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REDUNDANCIES AND RESTRUCTURES

Redundancy and Restructure

Redundancy is one of the fair reasons for dismissal (subject of course to following a fair procedure.) An employee is potentially redundant if:

  1. The employer stops or intends to stop carrying out the business for which that employee is employed by them; or
  2. The employer stops or intends to stop carrying out that business at or near the location where the employee is employed; or
  3. In either ‘1’ or ‘2’ above the requirement for the work diminishes rather than ceases altogether.

 

A restructuring of a business can bring about a potentially fair redundancy situation (providing a fair process is followed) if the net result of the restructuring is that less staff (or different staff) are required at a particular location, or work is reorganised in such a way as to require less staff in order to do it. The key though is ‘less staff’. Where a reorganisation or restructuring doesn’t result in a reduction of the number of employees, then staff dismissed as a result may not fall into the category of a redundancy dismissal.

Collective redundancies occur where 20 or more staff are to be dismissed from the same entity. We can assist employers with collective redundancies by separate arrangement.

Unlike collective redundancies there is no statutorily defined consultation period for non-collective redundancies, however it is essential that the employer is able to show that it consulted fairly with the employees dismissed. Consultation should cover:

  • The reasons for the proposed redundancies
  • Why the individual has become at risk of redundancy (selection methods etc)
  • Alternatives to redundancy considered and suggested by the employee e.g., alternative vacancies, part-time working, pay cuts or swapping with another employee (known as ‘bumping’).
  • The output of any selection exercise
  • Support for the employee that may be available

Only after consultation has been completed should employees be served with redundancy dismissal letters (e.g., after the second 1:1 meeting), if no alternatives were found.

Consultation can take place directly with employees affected, or through employee representatives.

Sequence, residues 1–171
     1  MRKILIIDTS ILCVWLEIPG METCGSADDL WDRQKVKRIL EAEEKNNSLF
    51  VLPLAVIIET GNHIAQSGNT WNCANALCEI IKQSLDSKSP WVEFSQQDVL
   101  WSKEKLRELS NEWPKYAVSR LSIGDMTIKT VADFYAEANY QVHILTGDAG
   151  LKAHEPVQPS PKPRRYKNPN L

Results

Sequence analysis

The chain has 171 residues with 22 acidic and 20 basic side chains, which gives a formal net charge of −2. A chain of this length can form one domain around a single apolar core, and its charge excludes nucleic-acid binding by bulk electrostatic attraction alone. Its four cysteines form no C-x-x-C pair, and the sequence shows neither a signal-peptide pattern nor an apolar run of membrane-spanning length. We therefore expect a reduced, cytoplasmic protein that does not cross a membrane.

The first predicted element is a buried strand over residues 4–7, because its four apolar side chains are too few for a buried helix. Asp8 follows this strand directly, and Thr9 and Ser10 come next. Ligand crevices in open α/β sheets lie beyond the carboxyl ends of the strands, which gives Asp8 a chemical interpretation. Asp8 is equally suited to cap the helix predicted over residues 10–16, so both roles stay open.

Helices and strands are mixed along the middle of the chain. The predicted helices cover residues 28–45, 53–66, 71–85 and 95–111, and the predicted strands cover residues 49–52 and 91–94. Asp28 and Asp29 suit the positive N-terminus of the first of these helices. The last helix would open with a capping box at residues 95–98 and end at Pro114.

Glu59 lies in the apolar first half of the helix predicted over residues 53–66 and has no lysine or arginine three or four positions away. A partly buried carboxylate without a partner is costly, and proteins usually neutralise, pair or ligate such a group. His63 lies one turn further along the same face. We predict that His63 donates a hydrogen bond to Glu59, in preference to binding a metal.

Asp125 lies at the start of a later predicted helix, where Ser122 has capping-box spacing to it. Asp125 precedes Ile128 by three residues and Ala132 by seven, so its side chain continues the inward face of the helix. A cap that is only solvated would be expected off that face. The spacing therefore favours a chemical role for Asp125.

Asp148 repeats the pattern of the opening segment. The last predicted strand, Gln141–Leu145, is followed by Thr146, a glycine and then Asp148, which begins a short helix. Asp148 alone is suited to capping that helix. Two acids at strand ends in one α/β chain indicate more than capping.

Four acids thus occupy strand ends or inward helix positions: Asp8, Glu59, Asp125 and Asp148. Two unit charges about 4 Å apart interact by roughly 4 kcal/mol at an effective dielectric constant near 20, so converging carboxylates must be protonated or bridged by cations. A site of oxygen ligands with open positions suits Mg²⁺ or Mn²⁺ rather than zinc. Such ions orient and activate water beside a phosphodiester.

To qualify for a statutory redundancy payment, an employee must have at least 2 years continuous service. The payments then are dependent upon age and length of service.

Should a redundancy situation arise which places a woman on maternity leave ‘at risk’ of redundancy, she will be afforded special protection from redundancy. If there is another employee who also is ‘at risk’ who, in a selection exercise, is objectively scored equivalently to the pregnant employee, but who is not themselves pregnant or on maternity leave, then that employee will be selected for redundancy instead of the woman on maternity leave.

Typical employment law pitfalls

There are substantial risks associated with failing to consult meaningfully. Failure to consult could start with 90-day ‘protective award’ and end up in unfair dismissal claims. Other obvious (and avoidable) risks are that employers sometimes use ‘redundancy’ as a convenient reason for dismissing an employee without otherwise having a solid reason for doing so. Other risks come about through inadequate consultation, starting consultation too late, poor or subjective selection criteria, failing to account for the special protection availed to women on maternity leave and not observing contractual notice requirements.

Help & support

We can help customers develop a fair process for redundancies and be on hand to assist during that process. Customers contemplating redundancy programmes should please contact us straight away. Larger scale/collective exercises may be undertaken by separate arrangement (beyond the scope of a myhrdept.co.uk annual subscription) and we will notify customers where this appears to be the case and will provide an estimate before engaging in work.

If you’re thinking of outsourcing your HR, payroll or employment law needs, why not contact myHRdept? Call us on 01628 820515, email us at enquiries@myhrdept.co.uk to discuss your requirements, or contact us via our website and we’ll call you back.

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